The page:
The slim frame allows easy printless concealed carry
Slightly heavier than the Glock 43, still light enough for all-day carry
The Sig Ant-Snag (SAS) model makes defensive draws easier to get on target from concealed carry.
Small enough for comfortable appendix carry
Limited range due to the shorter barrel length
The frame shows wear fairly quickly
No optics ready version in the micro-compact range
Really intended as an EDC pistol, and carried as such by all levels of shooters, the Sig loyalists have really jumped on the fan club for the 365. I remember the first time I saw the gun when I was picking up a couple of spare mags for my G43. At the time, the P365 was available for pre-order, so instead of the real deal, the display had a blue gun version. Who knows... if they had the actual gun there that day, I might have picked one up to give it a try way back then.
Fast forward a couple of years, I finally got around to put some rounds down range with my Buddy's 365, and I have to say, it felt good to shoot. Even for a small frame, I was able to get a confident grip. You still get the snap as you would with most micro-sized 9mm pistols, but it felt like there was more control and reset. I had no problem getting on target comfortably.
With a barrel slightly over 3 inches, you won't get incredible range, but range isn't what this pistol is designed for. Don't get me wrong, the gun is accurate. It was great out to around 25 yards, which is about as far out as we set the targets. Close range shots from a draw were no problem. I could draw from appendix and get on target with no grip adjustment. It's just a comfortable gun. Of course, grip comfort is different for different shooters, but for small or medium hands, it's great. If you have giant hands with banana fingers, well, you might struggle with most of the "micro-compact" frames out there.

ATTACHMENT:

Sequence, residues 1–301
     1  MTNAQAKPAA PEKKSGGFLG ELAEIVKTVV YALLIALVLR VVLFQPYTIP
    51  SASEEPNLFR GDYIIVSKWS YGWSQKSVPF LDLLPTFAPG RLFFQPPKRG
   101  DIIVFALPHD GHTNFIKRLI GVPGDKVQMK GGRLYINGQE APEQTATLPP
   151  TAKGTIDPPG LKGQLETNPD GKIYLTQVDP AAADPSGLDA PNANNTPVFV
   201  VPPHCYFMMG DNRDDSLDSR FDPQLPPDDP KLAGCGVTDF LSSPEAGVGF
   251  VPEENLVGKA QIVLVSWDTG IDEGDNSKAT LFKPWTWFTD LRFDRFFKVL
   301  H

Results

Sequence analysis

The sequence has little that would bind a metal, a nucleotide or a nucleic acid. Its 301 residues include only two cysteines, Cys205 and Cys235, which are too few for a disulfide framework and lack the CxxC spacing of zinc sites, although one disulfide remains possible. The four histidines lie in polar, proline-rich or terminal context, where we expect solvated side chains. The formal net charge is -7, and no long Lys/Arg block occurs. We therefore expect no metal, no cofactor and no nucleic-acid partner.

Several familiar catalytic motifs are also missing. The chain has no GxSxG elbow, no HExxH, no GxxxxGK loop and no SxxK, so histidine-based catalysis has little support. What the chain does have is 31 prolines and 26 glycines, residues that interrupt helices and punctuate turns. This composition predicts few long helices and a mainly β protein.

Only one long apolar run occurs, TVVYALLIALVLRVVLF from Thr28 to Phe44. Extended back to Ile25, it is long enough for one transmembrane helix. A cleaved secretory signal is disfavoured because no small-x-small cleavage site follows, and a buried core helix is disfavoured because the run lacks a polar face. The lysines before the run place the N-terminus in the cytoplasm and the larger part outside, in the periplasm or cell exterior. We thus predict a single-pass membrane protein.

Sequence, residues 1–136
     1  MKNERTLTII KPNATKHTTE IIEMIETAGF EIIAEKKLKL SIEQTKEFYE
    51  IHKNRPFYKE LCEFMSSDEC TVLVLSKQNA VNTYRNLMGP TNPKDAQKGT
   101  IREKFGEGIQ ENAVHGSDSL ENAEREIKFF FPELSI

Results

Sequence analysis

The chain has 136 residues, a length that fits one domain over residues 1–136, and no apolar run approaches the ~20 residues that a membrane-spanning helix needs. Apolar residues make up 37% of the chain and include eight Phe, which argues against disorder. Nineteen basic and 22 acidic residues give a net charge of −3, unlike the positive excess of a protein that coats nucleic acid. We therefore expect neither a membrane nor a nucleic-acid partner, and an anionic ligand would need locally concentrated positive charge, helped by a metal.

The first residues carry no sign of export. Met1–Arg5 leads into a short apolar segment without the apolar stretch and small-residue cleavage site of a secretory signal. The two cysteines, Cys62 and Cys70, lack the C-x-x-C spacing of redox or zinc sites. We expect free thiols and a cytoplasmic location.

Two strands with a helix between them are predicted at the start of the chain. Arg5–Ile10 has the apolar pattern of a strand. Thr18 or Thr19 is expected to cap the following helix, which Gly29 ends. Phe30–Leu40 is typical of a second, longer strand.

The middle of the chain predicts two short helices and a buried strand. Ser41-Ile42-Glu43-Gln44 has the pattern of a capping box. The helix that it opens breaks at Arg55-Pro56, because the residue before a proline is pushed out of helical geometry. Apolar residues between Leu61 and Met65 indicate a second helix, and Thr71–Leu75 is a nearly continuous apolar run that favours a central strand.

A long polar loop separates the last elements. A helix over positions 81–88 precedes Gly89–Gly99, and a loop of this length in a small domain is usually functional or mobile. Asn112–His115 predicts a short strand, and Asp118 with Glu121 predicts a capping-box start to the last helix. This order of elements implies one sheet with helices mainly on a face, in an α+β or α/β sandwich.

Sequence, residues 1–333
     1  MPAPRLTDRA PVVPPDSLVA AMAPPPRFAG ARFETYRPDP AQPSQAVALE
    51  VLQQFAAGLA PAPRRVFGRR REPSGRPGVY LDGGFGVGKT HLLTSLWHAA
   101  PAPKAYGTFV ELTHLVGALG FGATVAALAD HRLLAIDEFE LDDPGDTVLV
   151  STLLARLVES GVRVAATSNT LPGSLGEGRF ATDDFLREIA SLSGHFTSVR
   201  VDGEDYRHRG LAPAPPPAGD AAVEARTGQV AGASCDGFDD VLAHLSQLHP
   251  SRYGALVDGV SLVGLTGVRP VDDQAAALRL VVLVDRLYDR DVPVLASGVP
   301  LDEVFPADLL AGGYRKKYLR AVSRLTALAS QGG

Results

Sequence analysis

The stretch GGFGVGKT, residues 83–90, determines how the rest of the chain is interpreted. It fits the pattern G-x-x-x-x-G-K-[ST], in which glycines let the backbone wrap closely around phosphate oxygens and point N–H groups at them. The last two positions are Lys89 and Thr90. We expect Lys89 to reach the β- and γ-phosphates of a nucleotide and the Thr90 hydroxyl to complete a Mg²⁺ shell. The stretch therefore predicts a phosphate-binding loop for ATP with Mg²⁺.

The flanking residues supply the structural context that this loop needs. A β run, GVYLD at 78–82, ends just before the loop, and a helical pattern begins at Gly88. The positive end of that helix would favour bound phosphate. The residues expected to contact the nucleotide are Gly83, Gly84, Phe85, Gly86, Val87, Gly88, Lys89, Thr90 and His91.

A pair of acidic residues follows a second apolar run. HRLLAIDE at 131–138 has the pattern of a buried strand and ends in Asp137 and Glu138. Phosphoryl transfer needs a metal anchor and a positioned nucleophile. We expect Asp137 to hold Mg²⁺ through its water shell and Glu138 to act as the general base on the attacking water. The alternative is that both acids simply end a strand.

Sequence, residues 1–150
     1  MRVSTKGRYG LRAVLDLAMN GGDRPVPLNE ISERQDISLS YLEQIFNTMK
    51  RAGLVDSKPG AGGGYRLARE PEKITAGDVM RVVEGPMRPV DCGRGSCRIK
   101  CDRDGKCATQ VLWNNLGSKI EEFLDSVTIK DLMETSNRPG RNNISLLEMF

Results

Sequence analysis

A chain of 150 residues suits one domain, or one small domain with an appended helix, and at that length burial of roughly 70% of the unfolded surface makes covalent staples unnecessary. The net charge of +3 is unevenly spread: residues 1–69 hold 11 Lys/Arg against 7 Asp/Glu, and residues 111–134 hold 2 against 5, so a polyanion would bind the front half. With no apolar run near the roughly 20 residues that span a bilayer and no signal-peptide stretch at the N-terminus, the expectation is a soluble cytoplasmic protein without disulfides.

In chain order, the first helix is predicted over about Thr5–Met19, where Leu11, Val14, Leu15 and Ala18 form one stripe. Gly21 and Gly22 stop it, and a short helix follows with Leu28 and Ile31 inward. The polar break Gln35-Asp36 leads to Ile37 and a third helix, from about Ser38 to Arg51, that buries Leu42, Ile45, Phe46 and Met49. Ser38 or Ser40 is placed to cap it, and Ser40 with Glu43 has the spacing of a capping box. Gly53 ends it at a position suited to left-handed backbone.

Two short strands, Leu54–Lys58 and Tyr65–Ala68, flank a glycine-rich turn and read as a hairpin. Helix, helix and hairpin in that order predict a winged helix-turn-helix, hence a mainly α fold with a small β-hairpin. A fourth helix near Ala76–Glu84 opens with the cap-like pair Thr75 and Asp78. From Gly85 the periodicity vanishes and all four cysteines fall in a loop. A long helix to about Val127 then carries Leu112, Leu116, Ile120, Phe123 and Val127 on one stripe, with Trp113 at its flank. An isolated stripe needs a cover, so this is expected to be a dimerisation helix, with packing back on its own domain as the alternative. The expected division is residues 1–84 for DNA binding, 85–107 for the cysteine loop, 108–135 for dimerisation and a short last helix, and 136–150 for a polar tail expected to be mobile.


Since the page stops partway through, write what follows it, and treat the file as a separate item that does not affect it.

As far as accessories go, most people aren't doing much to the exterior of these smaller EDC guns, as concealability is the point. lights and rail-mounted lasers can add to the print, which you want to typically avoid with concealed carry. There is a rail, which reminds me of the accessory rail you would see on the H&K USP, which needed an extra attachment to fit accessories meant to be mounted on a Picatinny rail. So Sig must have planned for their own proprietary accessories for the P365. At a glimpse that rail doesn't seem super useful. It's really a pair of slots on each side of the frame.
Glock didn't bother adding a rail to the G42, G43, or even the G43X. I know I'm being a little nitpicky here, the gun would be fine without it, in my opinion.
One of the big things that made me want to take a look at this gun is the brand. Sig, to me, means solid, accurate, and able to take a beating and perform as the gun is supposed to. I've put plenty of rounds downrange from the P226, P228, P320, and even that little P224. I loved them all. So it was natural to pick up the P365. In fact, several of my range buddies have traded their CCW pistols for the Sig P365. A few of them were even diehard Glock fans. I'm talking about Showing up to the range with the Glock logo on everything, hats, shirts, hoodies, you name it. Those kinds of fans...
If the Sig P365 was available at the time I went to pick up my Glock 43, I would have had a difficult time picking one over the other. The 365 is a smooth shooter for a small frame like that, for me at least. And it got even better after the Nitron version was released, Sig also released a SAS version for deep cover. SAS stands for "Sig Anti-Snag". It basically rounds out any snag points and eliminates the traditional sites that stick out.
Instead of selling it, I will simply say that this is a great EDC gun. Small, lightweight, and accurate. If you go with the P365, it would be surprising if you came back with any major issues.